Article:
On January 30, 2017, the Board of Governors of the Federal Reserve System (the “Federal Reserve Board”) released a final rule amending its capital plan and Comprehensive Capital Analysis and Review (“CCAR”) stress testing rules.

The final rule addresses the following key issues, among others:

  • Qualitative Assessments.  Under the final rule, “large and noncomplex bank holding companies” are no longer subject to the qualitative component of the annual CCAR assessment.  A large and noncomplex bank holding company is defined as any bank holding company (1) with average total consolidated assets between $50 billion and $250 billion; (2) with average total nonbank assets of less than $75 billion; and (3) that is not a global systemically important bank holding company (“G-SIB”).[1]  The Federal Reserve Board will no longer object to a large and noncomplex bank holding company’s capital plan in the annual CCAR assessment based on qualitative deficiencies; rather, the Federal Reserve Board will assess the strength of such a company’s capital planning process through the regular supervision process and targeted, horizontal assessments of capital planning.
  • De Minimis Exception for Capital Distributions. The final rule also limits the amount of capital a bank holding company may distribute to shareholders under the capital plan rule’s de minimis exception. Previously, well-capitalized bank holding companies could distribute up to 1% of their Tier 1 capital in addition to the amount allotted in their capital plans, provided certain conditions were satisfied, including notification to the Federal Reserve Board. The final rule reduces the additional amount distributable under the de minimis exception from 1% to 0.25% and subjects the exception to a “blackout period” during the second quarter when the Federal Reserve Board is conducting CCAR to review capital plans.  During this “blackout period,” a bank holding company would not be able to submit a notice regarding its intention to use the de minimis exception or a request for prior approval for any other additional capital distributions.
  • Cut-off Date for the Capital Plan Rule. The final rule moves the cut-off date for the capital plan rule from December 31 to September 30, which allows a bank holding company that crosses the $50 billion asset threshold in the fourth quarter of a calendar year to submit its first capital plan before April 5 of the second year that follows.  The final rule makes the same change to the cut-off date for determining the applicability of the Dodd-Frank Act Stress Test (“DFAST”) requirements for a bank holding company that crosses the $50 billion asset threshold.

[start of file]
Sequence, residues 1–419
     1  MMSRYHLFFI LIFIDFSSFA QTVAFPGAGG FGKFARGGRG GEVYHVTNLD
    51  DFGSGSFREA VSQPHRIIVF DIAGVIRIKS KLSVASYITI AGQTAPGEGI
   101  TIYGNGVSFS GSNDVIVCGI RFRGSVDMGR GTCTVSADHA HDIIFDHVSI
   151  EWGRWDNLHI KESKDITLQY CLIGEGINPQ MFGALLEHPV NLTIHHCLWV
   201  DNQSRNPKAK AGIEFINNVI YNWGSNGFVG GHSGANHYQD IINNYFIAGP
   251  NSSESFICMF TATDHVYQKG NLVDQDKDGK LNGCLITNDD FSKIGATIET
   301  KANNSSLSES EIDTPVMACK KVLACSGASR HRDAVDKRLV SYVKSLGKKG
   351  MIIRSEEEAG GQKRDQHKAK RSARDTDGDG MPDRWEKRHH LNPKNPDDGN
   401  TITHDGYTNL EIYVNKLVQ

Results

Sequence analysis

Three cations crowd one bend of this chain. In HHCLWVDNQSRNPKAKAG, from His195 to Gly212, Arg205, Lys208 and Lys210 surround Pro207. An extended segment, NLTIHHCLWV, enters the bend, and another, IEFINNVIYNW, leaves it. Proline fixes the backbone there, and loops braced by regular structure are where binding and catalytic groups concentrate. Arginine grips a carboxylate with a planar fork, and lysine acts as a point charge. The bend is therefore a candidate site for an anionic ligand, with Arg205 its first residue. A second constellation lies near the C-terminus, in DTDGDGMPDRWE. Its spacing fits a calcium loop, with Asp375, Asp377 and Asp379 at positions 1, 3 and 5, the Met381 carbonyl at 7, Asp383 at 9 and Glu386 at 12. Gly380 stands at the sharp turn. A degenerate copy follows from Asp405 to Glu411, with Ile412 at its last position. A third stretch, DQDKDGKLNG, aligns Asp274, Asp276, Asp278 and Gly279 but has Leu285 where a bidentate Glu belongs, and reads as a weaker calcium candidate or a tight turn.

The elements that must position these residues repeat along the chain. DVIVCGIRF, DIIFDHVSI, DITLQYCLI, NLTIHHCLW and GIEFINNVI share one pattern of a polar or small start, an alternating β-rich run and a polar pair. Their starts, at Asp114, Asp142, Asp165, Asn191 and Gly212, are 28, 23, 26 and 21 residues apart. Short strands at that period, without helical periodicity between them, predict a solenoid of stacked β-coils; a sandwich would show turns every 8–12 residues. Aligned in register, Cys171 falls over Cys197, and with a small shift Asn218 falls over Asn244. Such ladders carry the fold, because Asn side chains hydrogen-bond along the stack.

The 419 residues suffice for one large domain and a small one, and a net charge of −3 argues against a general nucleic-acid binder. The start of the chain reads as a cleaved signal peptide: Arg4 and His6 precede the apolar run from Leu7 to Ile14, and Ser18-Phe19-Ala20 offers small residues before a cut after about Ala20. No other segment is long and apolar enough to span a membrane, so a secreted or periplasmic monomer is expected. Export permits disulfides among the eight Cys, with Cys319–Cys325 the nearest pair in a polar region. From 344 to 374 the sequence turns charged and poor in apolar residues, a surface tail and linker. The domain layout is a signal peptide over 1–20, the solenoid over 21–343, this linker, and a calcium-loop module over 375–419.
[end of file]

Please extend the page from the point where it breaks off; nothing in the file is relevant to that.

• Less Stringent Reporting Obligations Under FR Y-14 Forms. The final rule alleviates reporting obligations for large and noncomplex bank holding companies by increasing the materiality threshold for filing schedules on the FR Y-14Q report and the FR Y-14M report by changing the definition of material portfolios from those with assets balances greater than either $5 billion or 5% of Tier 1 capital to those with assets balances greater than either $5 billion or 10% of Tier 1 capital. The final rule also reduces the amount of supporting documentation that large and noncomplex bank holding companies must submit and no longer requires such bank holding companies to complete certain sub-schedules of the FR Y-14A Schedule A (Summary).
  • Flexibility in Selecting the Market Shock “As Of” Date. The final rule gives the Federal Reserve Board more flexibility in selecting an “as of” date for the global market shock component of company-run stress tests for bank holding companies with significant trading activity. Previously, the Federal Reserve Board was to select an “as of” date between January 1 and March 1 of the calendar year. The final rule allows the Federal Reserve Board to select an “as of date” between October 1 of the previous calendar year and March 1 of the calendar year in which the stress test is performed.

The final rule largely tracks the Federal Reserve Board’s September 2016 proposed rule, except that the final rule revises the definition of a “large and noncomplex bank holding company” by eliminating the originally proposed requirement that such bank holding company have less than $10 billion in on-balance sheet foreign exposure and replacing it with a requirement that the bank holding company is not a G-SIB.

The final rule generally is effective for the 2017 CCAR cycle, except that the change with respect to the market shock “as of” date is effective for the 2018 stress test cycle.

The preamble to the final rule also confirms the Federal Reserve Board’s intent to issue a proposal to change its capital requirements by replacing the capital conservation buffer with a “stress capital buffer,” as outlined in a September 2016 speech by Governor Daniel K. Tarullo.

[1] The final rule also applies to U.S. intermediate holding companies of foreign banking organizations.